If ever there were a matter where the Obama administration needs to get its act together, it’s the National Security Agency’s extensive surveillance activities.
Friendly European capitals are up in arms over allegations that the United Stated bugged European Union offices in New York and Washington and employed an assortment of electronic eavesdropping techniques to spy on — um, monitor the communications of — the embassies of France, Italy, Greece, and other allies.
The American public, meanwhile, remains sharply divided about the NSA’s domestic snooping. Or what they know of it, anyway; we still haven’t had a clear, credible explanation of exactly what the agency is doing.
Meanwhile, the administration has sent a number of contradictory and counterproductive signals about NSA-contractor-turned-leaker-extraordinaire Edward Snowden.
As former CIA and NSA chief Michael Hayden observed on Sunday on “Face the Nation,” the NSA controversy raises a crucial question: How does a free society conduct a necessary dialogue about its government’s secret activities?
Hayden says President Obama needs to provide more information about those programs, even if that sacrifices some of NSA’s operational effectiveness — and he’s right. Sotto voce assurances may (possibly) suffice with our allies, but it’s not sufficient for a democratic government to say to its own citizens: Trust us, we’re doing what’s needed to keep you safe. Don’t worry, privacy protections are in place.
Obama needs to present the nation with a clearer sense of the NSA’s activities: the various types of metadata (like call records) it monitors or retains; the broad range of deeper digital information, such as e-mails, social-media posts and communications, and search-engine queries it collects or keeps; and what concrete safeguards exist. Further, policy-makers should create an independent oversight panel — one that, unlike the Privacy and Civil Liberties Oversight Board, is not involved in policy development — invested with the authority to monitor the NSA’s programs and report to the American people if they stray beyond clearly articulated boundaries.
Then there’s Snowden himself, with regard to whom this administration can’t get its talking points straight. Its initial warnings to Hong Kong, China, and Russia of serious relationship consequences if they didn’t return Snowden were strangely uncalibrated. It was only after Russian President Vladimir Putin shrugged off those high-handed admonitions that Obama himself set a new tone. Describing Snowden as “a 29-year-old hacker,” the president said that he wasn’t going to let this affair interfere with more important matters he hoped to accomplish with China and Russia.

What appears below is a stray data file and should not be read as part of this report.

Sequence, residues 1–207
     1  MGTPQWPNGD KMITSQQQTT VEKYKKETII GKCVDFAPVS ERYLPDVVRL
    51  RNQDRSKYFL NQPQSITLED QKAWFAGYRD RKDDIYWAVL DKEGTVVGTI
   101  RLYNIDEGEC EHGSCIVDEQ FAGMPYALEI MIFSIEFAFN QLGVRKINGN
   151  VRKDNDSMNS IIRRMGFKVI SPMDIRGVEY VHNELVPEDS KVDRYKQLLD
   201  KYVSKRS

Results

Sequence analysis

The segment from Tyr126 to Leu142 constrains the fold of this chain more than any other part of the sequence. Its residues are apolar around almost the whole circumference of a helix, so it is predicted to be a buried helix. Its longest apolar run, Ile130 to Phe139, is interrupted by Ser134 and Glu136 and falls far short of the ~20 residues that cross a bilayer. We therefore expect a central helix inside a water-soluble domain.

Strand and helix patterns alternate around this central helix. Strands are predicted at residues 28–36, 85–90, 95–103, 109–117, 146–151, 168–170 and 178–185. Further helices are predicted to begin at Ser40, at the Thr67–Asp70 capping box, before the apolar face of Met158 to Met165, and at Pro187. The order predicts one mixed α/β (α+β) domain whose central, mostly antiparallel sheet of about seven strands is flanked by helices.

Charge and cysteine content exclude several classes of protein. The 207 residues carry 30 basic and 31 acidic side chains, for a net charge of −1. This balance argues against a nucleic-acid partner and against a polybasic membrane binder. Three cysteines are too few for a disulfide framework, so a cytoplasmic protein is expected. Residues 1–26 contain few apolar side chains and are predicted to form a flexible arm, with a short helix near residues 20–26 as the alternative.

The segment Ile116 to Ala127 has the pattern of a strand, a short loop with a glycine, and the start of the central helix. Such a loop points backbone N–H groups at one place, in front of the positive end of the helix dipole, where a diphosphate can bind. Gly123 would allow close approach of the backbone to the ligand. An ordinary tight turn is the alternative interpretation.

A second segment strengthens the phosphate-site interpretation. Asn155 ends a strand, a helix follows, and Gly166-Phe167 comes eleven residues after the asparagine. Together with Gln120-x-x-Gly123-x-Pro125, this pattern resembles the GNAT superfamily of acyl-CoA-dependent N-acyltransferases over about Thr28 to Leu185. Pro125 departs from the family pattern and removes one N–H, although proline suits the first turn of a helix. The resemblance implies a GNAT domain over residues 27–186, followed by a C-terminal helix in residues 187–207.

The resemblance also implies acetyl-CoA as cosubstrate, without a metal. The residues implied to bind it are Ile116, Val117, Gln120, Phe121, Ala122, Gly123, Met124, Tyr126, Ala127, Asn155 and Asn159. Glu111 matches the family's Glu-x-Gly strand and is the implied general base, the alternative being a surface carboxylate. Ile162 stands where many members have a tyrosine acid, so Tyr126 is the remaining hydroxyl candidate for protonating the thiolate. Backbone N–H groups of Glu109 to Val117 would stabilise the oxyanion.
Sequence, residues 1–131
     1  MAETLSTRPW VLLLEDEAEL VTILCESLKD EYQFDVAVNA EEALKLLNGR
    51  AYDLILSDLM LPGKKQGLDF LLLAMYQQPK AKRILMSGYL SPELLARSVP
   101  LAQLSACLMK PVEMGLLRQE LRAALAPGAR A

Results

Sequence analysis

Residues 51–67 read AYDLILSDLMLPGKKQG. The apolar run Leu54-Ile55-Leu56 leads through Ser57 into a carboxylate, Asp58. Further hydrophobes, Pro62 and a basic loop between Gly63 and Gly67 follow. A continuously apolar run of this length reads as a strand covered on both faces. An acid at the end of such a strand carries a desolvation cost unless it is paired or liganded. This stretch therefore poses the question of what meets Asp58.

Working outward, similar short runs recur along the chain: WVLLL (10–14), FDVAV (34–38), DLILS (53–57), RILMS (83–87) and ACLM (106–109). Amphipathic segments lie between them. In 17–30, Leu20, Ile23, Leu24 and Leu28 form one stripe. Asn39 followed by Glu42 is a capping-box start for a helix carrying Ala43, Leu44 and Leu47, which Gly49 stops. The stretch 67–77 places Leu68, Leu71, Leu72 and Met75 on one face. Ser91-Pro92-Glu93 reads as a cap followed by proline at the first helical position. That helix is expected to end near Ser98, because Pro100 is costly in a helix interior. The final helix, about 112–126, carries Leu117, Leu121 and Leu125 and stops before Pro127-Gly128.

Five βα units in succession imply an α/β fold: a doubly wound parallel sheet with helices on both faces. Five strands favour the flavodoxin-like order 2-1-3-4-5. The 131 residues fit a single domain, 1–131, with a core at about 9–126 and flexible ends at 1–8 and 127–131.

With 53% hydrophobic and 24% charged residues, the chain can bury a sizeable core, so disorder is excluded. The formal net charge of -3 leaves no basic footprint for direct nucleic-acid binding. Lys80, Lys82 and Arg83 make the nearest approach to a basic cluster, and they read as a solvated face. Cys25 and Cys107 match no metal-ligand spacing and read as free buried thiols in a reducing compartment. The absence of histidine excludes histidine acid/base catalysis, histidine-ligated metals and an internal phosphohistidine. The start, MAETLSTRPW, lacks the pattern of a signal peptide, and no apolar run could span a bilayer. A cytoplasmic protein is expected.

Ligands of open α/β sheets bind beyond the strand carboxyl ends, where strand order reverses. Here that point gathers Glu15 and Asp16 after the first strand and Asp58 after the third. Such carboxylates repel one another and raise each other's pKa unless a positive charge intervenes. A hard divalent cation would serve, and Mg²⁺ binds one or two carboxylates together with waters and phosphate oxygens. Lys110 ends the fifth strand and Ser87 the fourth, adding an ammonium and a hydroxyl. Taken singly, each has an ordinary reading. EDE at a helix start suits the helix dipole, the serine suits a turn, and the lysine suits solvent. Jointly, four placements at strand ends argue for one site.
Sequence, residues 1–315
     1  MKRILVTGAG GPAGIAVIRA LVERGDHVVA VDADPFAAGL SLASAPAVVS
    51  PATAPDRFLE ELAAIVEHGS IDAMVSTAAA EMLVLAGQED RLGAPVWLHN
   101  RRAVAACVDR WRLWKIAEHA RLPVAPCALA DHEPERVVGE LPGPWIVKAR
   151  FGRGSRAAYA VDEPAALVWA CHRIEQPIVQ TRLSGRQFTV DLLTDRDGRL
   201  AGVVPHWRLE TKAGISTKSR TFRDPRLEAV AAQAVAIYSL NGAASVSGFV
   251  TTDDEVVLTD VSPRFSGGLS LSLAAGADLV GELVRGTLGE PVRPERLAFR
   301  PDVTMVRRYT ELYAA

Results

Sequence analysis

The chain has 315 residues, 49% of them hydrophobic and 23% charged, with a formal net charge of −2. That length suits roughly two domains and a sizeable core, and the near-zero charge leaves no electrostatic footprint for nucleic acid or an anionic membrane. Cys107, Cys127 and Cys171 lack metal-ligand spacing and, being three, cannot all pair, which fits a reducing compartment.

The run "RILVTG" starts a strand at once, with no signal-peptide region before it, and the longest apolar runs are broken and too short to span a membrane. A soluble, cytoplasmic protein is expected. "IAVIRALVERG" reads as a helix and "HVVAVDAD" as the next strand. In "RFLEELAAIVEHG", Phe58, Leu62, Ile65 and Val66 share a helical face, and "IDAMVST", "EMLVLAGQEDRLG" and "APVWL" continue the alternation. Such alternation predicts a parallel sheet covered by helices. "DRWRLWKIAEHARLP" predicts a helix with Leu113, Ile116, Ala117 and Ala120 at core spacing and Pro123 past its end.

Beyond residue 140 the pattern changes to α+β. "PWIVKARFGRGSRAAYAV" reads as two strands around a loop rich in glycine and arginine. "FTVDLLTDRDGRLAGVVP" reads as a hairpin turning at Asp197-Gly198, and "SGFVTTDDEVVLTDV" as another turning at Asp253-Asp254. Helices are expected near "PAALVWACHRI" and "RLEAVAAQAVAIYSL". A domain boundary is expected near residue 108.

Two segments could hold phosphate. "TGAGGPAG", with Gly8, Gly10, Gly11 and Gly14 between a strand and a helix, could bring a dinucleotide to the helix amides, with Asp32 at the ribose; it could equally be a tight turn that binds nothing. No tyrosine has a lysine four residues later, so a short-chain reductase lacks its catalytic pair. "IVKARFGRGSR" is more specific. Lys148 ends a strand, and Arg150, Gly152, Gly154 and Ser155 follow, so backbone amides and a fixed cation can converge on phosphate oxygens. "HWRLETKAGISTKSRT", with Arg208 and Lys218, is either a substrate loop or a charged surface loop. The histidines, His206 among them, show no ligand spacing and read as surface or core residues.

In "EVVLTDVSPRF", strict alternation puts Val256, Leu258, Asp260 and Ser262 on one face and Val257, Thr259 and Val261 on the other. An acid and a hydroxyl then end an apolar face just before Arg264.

That remains the most sensible thing Team Obama has said. After all, there was never a realistic reason to think any of the three polities would return Snowden. Our extradition treaty with Hong Kong contains enough gray area to have allowed China, its suzerain, to deny the request even without resorting to technicalities. And we don’t have such a treaty with either China or Russia, which makes it either naive or arrogant to demand that those countries return Snowden.
“With regard to countries with which we don’t have an extradition treaty, that really is expecting a bit much, especially when the crime is seen as a political one and not something like murder,” says local legal luminary Harvey Silverglate. Certainly if a Russian or Chinese citizen were under similar pursuit, it’s hard to imagine an American president returning him.
Americans themselves are ambivalent about whether Snowden should be punished. Imprisoning him for decades, as the Justice Department apparently contemplates, would strike many as profoundly unjust — the very kind of repressive action the United States decries when carried out by other nations.
Indeed, despite our warnings to Ecuador and others about granting Snowden asylum, exile there or in Iceland or a similarly small country, where he’s no longer an irritant in big nation diplomacy, might just be the best of a series of unappetizing options.
Who knows, with a skillful enough hand, the administration might even be able to secure the return of whatever valuables are left among the purloined data — and perhaps even a quiet third-party agreement to limit possible future disclosures.
So far, however, this administration hasn’t demonstrated even a dash of the diplomatic dexterity it would take to accomplish that.